Sunday, September 26, 2010

Sunset from Gates Pass. "Bloom."

Tonight, before dinner, we drove across to the western edge of the city to watch the sunset:

Wherever you live, find what's good about it and enjoy it.

"Bloom where you're planted." Those words--corny enough, I agree--ring through our ears now and again as we come to terms with Tucson-as-our-'home.' I had never seen that expression until our first trip to Central America--we came across those words, (cross-stitched, no less), in a missionary home--must have been a well-intentioned gift from someone 'back home' to encourage voluntary souls in their tropical assignment...
As corny as my first impression was of those words, over the past few years, we've come grudgingly to accept it as good advice.

Last night, as we made dinner, we had the television on, and two travel-shows featured, back to back, Seattle and Guatemala...We grew wistful for the Pacific Northwest and Central America as we waited for our food to cook...

But there is no utopia.
So--resolved: enjoy the good things where we are.

Tucson: pedestrian urbanity? Nope. Progressive local politics? Nope. Thriving high-wage economy? So no, at least not right now. (And don't get me started on the now-nationally-ridiculed lack of syntax during a recent state gubernatorial debate!) But clean air and wide open outdoor vistas? Yep. Technicolor sunsets? Oh yeah.

So. Blooming.

(Incidentally, last night's dinner--my local attempt at re-creating the Kogi-truck fare described in the last posting: we did a vegetarian version this time--a pepper-jack/kimchee/pineapple/sesame quesadilla with black beans on the side--made with local Tucson tortillas and kimchee from the Korean grocer down the street from where I work: Viva la comida del Seoul!)

Monday, September 13, 2010

this past weekend: across the desert to KOGI!

...just got back from another weekend jaunt to the L.A. area; due to funny timing this year,
we had two conferences to attend, just a few weeks apart...So, last Friday afternoon we took an after-work flight to LAX, got in a rental car, and on the way to our destination, we made a culinary pit-stop:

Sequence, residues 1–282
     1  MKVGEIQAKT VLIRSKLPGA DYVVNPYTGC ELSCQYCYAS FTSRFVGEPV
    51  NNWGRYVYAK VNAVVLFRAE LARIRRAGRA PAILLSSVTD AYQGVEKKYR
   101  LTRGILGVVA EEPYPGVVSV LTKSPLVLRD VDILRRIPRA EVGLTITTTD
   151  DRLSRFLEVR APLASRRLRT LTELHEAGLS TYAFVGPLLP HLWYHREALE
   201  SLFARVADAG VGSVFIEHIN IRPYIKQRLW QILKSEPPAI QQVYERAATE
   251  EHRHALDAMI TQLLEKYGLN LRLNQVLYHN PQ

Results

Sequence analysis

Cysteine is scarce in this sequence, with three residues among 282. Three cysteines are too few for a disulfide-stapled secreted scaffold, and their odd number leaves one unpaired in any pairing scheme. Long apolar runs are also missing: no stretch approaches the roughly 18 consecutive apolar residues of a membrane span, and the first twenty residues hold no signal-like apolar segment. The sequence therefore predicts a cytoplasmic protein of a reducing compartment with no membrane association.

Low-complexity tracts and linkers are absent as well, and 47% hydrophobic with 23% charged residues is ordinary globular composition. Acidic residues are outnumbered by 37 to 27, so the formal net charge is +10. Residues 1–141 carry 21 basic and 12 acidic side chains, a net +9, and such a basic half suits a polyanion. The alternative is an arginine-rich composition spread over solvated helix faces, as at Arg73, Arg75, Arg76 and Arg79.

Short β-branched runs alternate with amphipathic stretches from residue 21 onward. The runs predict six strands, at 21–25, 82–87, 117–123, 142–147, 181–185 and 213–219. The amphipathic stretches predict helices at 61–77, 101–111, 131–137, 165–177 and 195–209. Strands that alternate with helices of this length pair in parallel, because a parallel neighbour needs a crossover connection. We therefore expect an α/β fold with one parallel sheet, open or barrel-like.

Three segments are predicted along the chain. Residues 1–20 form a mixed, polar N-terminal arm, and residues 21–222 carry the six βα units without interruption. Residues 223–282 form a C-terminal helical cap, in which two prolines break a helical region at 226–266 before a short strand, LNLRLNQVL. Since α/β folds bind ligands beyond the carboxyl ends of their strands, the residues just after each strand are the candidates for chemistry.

Yes--FINALLY: KOGI! The now-legendary Korean-Mexican taco-truck! (Actually, there are now four of the trucks; check out their website, and you'll see that the trucks move all over the L.A. location throughout the week for lunch, dinner, and late-night locations:

It has started a nationwide trend; check out this New York Times article from a couple of months ago:
"The Tortilla Takes a Road-trip to Korea"... Atlanta. Chicago, Brooklyn. Portland...Viva cultural fusion-food!

So, we looked up the location and dutifully followed the GPS directions through Los Angeles...and ended up in a light industrial office park in suburbia. At first I thought--huh? Are we lost? Was there a misprint on the website? Nope. The Friday-night location was in this warehouse area because of the plentiful parking--and we turned a corner and there was a long eclectic line of people...We waited forty minutes, chatting with a family behind us, who'd just come from soccer practice with the kids...And S. and I. had spicy pork tacos, kalbi (Korean-marinated beef short-rib) tacos, AND a glorious kimchee-pineapple-pork quesadilla topped with sesame seeds, a ponzu glaze and even toasted seaweed flakes! Wow, eh?

The pseudo-pilgrimmage for this food was not the main point for our weekend trip...but definitely a fun extra.

A few out-the-window views from the Friday-afternoon flight--yes, gratuitous shots from my iPhone:

looking NE over Tucson and the Santa Catalina Mountains,
with some of the irrigated fields of the San Xavier del Bac Indian Reservation in the foreground:

closer in--you can just make out the tiny cluster of 'high'-rises of downtown Tucson
in the left middle-ground...where we live is just off to the right of this photo:

the ribbon of blue is the Colorado River, just south of Lake Havasu on the AZ-CA border;
whenever I've flown over the SW, I'm always struck by the suddenness of irrigated farms in the middle of barren sands...